Entertainment Music

Tuesday 16 July 2019

It has been, yeah, perfect, for Eddi

Life after the end of Fairground Attraction has been good for Scottish singer-songwriter Eddi Reader, particularly with her husband John Douglas by her side. writes Andrea Smith

Eddi Reader and her Husband John Douglas. Photo: Steve Humphreys
Eddi Reader and her Husband John Douglas. Photo: Steve Humphreys

Andrea Smith

After busking and living in a London squat for years, Eddi Reader's life changed when she hit the limelight in 1988 with the group Fairground Attraction. They enjoyed huge chart success with their debut number one single, Perfect, and their album, The First of a Million Kisses, was the only album released by the band before their break-up in 1990 and it also topped the charts.

"Having a hit really changed things," Eddi admits. "I was saving everyone's change to buy guitar strings, and suddenly we were getting cheques in the post for 20 grand. It was fantastic but there was a lot of pressure to do things like interviews at 7am all of a sudden, and I didn't understand that. It all seemed very odd and I wondered why things got worse when we were supposed to be luxuriating in a spa and have people waft us with reeds?"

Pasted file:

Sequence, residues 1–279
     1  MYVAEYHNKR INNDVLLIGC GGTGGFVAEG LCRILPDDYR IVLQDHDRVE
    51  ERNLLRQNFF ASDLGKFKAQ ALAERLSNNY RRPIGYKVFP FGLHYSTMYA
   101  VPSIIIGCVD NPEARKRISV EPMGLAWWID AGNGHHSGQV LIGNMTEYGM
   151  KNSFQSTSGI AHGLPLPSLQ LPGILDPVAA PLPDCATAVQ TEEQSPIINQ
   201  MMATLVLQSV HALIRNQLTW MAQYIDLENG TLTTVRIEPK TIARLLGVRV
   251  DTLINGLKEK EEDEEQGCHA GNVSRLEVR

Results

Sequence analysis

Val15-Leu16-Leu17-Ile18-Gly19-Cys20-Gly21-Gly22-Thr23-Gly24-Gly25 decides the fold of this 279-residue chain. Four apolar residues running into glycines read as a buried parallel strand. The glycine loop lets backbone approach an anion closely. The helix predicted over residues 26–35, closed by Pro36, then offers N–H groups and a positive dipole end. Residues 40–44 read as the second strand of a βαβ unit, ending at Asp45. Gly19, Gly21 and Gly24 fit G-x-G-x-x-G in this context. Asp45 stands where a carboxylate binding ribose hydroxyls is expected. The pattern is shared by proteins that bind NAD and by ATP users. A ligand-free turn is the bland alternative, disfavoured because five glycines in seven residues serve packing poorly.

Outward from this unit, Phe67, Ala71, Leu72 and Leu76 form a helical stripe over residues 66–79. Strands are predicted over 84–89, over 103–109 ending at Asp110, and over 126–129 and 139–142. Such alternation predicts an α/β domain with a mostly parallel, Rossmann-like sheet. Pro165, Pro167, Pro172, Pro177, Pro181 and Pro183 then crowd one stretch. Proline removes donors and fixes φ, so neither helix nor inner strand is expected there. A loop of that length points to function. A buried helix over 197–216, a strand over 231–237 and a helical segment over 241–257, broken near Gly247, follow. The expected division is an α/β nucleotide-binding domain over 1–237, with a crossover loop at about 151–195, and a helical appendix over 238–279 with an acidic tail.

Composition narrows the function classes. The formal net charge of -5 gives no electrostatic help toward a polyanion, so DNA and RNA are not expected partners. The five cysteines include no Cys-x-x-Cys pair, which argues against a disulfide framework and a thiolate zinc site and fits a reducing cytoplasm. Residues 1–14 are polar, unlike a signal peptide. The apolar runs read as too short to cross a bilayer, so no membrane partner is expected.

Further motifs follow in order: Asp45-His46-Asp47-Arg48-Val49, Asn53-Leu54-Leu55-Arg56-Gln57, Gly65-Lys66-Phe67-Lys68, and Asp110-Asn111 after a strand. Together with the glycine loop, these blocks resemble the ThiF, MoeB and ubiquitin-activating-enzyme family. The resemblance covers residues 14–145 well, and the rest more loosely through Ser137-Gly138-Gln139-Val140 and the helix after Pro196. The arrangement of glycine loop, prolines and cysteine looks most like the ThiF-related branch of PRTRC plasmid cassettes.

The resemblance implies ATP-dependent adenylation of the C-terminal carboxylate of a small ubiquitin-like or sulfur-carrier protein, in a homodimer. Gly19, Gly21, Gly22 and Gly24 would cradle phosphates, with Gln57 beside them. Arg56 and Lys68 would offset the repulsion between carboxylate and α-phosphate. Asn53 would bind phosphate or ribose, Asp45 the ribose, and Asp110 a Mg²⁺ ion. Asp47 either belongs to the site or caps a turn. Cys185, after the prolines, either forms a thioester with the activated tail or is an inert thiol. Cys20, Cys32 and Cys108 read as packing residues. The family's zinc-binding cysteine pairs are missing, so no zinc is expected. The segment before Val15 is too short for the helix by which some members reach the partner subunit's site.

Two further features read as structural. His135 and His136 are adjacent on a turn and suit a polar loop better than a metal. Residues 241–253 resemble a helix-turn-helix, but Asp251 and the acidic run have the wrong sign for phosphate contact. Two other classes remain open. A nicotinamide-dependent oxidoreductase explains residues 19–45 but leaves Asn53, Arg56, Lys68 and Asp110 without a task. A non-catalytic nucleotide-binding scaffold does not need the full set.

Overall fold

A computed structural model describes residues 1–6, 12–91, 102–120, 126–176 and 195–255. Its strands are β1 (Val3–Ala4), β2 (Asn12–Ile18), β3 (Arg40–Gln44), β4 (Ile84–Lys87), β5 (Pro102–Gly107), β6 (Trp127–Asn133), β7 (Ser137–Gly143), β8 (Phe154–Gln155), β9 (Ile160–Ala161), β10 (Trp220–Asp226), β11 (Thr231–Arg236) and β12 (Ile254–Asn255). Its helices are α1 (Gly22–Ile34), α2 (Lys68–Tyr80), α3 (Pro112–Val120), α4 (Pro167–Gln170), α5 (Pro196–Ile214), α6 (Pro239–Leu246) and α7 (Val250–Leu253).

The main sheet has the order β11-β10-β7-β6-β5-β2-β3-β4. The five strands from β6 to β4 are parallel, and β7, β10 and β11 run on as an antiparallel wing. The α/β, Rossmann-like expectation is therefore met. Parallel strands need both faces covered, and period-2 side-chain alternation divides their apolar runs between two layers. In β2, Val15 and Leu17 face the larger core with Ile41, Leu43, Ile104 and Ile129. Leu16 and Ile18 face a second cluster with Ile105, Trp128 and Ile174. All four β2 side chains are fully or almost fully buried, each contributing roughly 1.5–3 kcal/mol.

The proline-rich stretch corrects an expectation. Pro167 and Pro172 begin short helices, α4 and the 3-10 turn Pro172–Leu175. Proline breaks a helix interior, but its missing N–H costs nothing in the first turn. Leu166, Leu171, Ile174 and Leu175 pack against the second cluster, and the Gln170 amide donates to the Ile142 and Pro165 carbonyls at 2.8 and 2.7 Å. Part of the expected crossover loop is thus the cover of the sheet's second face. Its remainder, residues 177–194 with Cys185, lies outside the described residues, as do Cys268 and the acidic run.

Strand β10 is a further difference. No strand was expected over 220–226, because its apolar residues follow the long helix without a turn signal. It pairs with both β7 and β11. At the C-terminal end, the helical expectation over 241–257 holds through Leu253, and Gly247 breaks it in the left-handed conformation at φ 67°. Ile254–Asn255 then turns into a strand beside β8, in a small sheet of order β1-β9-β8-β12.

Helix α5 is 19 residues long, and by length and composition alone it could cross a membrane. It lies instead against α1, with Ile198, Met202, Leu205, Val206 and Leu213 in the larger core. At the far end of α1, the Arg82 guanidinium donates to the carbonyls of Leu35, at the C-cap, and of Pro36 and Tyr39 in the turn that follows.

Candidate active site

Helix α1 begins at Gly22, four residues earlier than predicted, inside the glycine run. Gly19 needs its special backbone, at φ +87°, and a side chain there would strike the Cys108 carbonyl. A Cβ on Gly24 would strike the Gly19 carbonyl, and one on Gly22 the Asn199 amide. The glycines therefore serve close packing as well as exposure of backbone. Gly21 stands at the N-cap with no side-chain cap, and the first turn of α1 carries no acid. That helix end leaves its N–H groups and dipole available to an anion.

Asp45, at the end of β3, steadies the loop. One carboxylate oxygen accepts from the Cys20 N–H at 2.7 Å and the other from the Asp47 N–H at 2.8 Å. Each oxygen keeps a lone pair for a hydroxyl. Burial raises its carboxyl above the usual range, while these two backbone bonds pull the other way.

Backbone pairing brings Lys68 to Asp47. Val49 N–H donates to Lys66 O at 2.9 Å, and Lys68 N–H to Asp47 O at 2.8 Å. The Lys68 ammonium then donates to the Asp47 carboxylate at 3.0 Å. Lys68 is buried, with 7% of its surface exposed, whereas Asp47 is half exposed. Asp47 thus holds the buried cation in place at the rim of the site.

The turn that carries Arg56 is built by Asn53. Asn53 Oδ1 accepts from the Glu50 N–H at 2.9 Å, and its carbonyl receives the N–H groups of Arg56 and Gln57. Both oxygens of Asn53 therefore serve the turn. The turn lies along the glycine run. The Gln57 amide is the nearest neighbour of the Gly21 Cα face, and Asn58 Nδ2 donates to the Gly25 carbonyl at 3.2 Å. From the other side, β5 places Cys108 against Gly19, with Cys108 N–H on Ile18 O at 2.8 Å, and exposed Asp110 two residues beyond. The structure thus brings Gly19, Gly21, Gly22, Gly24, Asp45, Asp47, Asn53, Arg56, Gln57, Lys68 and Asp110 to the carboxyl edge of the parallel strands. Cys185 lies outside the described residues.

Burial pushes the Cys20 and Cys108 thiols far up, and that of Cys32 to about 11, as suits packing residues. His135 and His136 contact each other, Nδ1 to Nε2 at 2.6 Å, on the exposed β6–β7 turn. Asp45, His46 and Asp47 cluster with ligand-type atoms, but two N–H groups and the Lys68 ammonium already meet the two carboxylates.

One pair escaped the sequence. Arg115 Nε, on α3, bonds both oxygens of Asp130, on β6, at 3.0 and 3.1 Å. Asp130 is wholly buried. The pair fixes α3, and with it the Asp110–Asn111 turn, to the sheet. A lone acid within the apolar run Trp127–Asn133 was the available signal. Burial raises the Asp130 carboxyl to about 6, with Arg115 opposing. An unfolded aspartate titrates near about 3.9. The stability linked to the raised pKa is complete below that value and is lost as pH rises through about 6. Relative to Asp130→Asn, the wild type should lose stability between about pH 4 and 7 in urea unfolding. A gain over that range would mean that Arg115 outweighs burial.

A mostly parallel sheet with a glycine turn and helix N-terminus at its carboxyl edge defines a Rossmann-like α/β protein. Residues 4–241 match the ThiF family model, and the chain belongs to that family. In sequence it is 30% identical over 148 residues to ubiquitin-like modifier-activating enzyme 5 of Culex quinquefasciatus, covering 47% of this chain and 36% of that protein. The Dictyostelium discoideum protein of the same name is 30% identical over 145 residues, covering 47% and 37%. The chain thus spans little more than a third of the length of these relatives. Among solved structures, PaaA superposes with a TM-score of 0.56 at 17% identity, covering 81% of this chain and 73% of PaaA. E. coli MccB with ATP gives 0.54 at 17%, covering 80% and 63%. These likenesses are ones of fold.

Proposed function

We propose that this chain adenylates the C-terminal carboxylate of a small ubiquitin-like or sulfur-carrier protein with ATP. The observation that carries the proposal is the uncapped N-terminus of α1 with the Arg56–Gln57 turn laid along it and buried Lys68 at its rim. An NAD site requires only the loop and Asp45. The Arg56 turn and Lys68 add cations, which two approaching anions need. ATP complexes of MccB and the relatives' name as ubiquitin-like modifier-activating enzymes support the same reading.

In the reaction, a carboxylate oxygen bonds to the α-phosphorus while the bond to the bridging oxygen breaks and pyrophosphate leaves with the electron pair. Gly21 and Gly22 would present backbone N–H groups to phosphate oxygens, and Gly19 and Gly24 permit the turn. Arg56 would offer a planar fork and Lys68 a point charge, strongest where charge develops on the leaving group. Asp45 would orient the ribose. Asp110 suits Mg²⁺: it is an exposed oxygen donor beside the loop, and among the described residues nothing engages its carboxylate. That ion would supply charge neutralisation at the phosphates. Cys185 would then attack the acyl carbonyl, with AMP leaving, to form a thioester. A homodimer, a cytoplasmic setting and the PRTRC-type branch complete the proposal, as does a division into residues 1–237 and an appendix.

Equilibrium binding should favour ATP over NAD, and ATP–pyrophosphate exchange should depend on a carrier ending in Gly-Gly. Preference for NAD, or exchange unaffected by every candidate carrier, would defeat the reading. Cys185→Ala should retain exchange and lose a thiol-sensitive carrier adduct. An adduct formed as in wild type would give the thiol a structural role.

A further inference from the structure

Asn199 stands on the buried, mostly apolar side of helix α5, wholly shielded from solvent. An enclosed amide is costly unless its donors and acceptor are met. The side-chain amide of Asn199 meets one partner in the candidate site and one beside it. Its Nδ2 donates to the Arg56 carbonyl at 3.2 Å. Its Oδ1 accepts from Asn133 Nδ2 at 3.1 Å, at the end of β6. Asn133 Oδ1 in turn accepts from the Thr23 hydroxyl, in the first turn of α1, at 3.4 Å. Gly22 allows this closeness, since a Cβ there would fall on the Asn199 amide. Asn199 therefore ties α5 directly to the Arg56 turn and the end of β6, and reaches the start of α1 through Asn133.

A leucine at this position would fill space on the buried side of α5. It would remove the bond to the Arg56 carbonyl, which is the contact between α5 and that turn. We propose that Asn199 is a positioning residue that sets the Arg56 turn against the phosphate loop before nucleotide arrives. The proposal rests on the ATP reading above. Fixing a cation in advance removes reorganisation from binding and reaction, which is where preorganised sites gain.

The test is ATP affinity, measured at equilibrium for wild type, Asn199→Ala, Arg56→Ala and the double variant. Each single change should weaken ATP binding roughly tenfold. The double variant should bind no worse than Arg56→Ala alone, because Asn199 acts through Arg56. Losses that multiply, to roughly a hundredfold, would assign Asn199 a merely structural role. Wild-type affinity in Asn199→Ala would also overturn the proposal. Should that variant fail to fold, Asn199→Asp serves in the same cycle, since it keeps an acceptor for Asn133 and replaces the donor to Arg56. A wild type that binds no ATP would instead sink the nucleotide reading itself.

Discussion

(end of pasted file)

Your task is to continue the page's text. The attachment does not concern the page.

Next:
She's joking, of course, because Eddi is full of fun and mischief and liable to say anything. We're chatting in a Dublin hotel ahead of her Irish tour, and the Scottish songstress is in the company of her husband, John Douglas, who plays with her and is also a founding member of The Trash Can Sinatras band.

They're clearly mad about one another, and with her trademark red hair, Eddi, who turns 60 this year, looks amazing and says she's happier than ever with her life.

Interestingly, while the rest of us might have assumed that she was on top of the world when Perfect was being played off the radio, Fairground Attraction's tenure at the top was short-lived, principally because of tensions within the band. How it all began was that Eddi was introduced to songwriter Mark E. Nevin through Anthony Thistlethwaite of The Waterboys.